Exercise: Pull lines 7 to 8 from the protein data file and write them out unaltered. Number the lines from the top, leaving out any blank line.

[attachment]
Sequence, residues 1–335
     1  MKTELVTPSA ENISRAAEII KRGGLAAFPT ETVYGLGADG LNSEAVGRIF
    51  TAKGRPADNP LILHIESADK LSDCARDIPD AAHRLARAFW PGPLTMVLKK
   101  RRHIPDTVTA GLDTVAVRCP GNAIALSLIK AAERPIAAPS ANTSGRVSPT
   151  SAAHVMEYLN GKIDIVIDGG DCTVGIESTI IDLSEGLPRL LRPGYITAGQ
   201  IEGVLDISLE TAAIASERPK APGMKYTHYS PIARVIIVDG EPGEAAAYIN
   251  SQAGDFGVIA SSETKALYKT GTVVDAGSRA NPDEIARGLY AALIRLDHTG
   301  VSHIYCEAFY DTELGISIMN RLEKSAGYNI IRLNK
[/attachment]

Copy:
   251  SQAGDFGVIA SSETKALYKT GTVVDAGSRA NPDEIARGLY AALIRLDHTG
   301  VSHIYCEAFY DTELGISIMN RLEKSAGYNI IRLNK